The impact of violence on health in low-to middle-income countries
More than 90% of violence-related deaths occur in low- to middle-income countries (LMICs), where the mortality rate due to violence is almost 2.5 times greater than in high-income countries. Over and above the substantial contribution of violence as a cause of death and physical injuries, victims of violence are also more vulnerable to a range of mental and physical health problems. Several studies describe the deleterious impact of different types of violence on a range of health outcomes, but no review has yet been undertaken that presents a composite overview of the current state of knowledge in LMICs. This paper reviews the scientific literature describing the nature, magnitude and impact of violence on health, describing the current state of violence-prevention policy developments within the global health agenda and highlighting the health consequences, disease burden and economic costs of violence. Although data are limited, the review indicates that costs relating to violence deplete health care budgets considerably and that scarce resources could be better used to address other health threats that hamper development.
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Available from: Antonio Ponce De Leon
- "Although violence is a much bigger problem in low and middle-income countries13it is an increasing problem in high-income countries to e.g. England and Sweden.14,15 "
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ABSTRACT: Violence is a major public health problem. Both clinical and population based studies shows that violence against men and women has physical and psychological health consequences. However, elsewhere and in Sweden little is known of the effect of individual socioeconomic position (SEP) on the relation between violence and health outcomes.
This study aimed to assess the effect of individual SEP on the relation between violence and three health outcomes (general health, pain and anxiety) among women in Stockholm County.
The study used data from the Stockholm Public Health Survey, a cross-sectional survey carried out in 2006 for the Stockholm County Council by Statistic Sweden. 34 704 respondents answered the survey, the response rate was sixth one percent. Analyses were carried out using descriptive statistics and logistic regression analysis in SPSS v.17.0.
Individual SEP increased the odds of reporting poor health outcomes among victimized women in Stockholm County. Regarding self-reported health women in low-SEP who reported victimization in the past twelve months had odds of 2,36 (95% CI 1.48-3.77) for the age group 18-29 years and 3.78 (95% CI 2.53-5.64) for the age group 30-44 years compared with women in high-SEP and non-victim. For pain the odds was 2,41 (95% CI 1,56-3,73) for the age group 18-29 years and 2,98 (95% CI 1,99-4,46) for women aged 30-44 years. Regarding anxiety the age group 18-29 years had odds of 2,53 (95% CI 1,58-4,03) and for the age group 30-44 years had odds of 3,87 (95% CI 2,55-5,87).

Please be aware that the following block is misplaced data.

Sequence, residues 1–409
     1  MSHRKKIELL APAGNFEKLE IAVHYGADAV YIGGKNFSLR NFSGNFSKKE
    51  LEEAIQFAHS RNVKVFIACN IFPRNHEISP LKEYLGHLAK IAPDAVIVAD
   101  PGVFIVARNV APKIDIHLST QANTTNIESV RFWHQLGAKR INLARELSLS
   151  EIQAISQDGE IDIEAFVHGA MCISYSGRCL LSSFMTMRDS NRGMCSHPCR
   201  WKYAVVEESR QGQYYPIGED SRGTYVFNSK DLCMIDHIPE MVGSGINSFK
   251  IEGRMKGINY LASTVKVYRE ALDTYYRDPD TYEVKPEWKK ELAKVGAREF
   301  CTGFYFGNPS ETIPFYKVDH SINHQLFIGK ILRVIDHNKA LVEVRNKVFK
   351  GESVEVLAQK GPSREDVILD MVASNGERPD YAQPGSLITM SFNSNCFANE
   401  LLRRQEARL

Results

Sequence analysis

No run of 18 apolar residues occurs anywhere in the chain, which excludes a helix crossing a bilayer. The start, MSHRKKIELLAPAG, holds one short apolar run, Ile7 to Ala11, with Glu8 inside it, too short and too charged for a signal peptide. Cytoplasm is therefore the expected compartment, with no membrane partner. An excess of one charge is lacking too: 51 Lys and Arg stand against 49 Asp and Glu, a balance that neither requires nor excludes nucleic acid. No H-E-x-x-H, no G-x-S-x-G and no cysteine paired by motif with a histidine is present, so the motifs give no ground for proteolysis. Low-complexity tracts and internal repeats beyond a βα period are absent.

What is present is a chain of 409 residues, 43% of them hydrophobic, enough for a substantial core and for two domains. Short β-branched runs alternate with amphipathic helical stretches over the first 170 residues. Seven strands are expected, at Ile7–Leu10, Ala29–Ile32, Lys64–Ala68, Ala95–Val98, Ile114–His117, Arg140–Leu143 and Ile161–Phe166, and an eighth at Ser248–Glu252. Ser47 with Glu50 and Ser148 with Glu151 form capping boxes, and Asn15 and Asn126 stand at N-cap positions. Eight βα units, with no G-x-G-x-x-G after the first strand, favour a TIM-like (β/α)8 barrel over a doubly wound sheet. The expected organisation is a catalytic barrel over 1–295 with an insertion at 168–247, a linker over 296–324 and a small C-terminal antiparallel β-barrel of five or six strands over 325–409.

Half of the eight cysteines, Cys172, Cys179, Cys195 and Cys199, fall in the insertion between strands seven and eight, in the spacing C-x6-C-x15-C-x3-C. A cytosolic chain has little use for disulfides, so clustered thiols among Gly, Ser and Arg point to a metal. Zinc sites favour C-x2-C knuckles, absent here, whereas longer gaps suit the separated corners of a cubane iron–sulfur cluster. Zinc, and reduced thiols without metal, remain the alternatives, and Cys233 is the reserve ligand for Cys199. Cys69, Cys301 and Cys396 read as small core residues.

Results showed that individual SEP (measured by occupation) matters to the relationship between violence and health outcomes such as general self-reported health, pain and anxiety. Women in lower SEP and experienced victimization in the past twelve months had increased odds of reporting poorer self-rated health, pain and anxiety compared to those in higher SEP with no experience of victimization. However, further exploration of the relationship between poverty, individual SEP is needed using other Swedish population samples.
Journal of injury & violence research 05/2011; 4(2):87-95. DOI:10.5249/jivr.v4i2.122
Available from: Brett Bowman
University of the Witwatersrand.
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ABSTRACT: Evidence suggests that a significant proportion of men who have been violent towards their partners desist from such violent behaviors; yet, research examining desistance from intimate partner violence (IPV) is lim- ited. This omission is surprising given that an understanding of desistance processes is required to inform evidence-based IPV interventions. In this critical review of the empirical literature, eligible studies included 15 publications, identified through electronic databases and hand searches of bibliographies that directly in- vestigated the cessation of physical violence against an intimate partner, by heterosexual men. No single the- ory was identified that explains desistance from IPV. However, empirical studies reveal that the severity and frequency of violence is associated with desistance, with those using moderate levels of violence being more likely to desist than those who engage in severe violence. Typology research suggests differences in individ- ual characteristics (e.g., low psychopathology and impulsivity) can distinguish desisters from persisters. In addition, the nature of the dyad within which the violence occurs is also influential in desistance processes. It is concluded that much more research is needed to inform practice and in particular to examine the role of protective factors in mitigating risk and enabling individuals to desist from IPV.
Aggression and Violent Behavior 03/2013; 18:271-280. DOI:10.1016/j.avb.2012.11.019 · 1.95 Impact Factor
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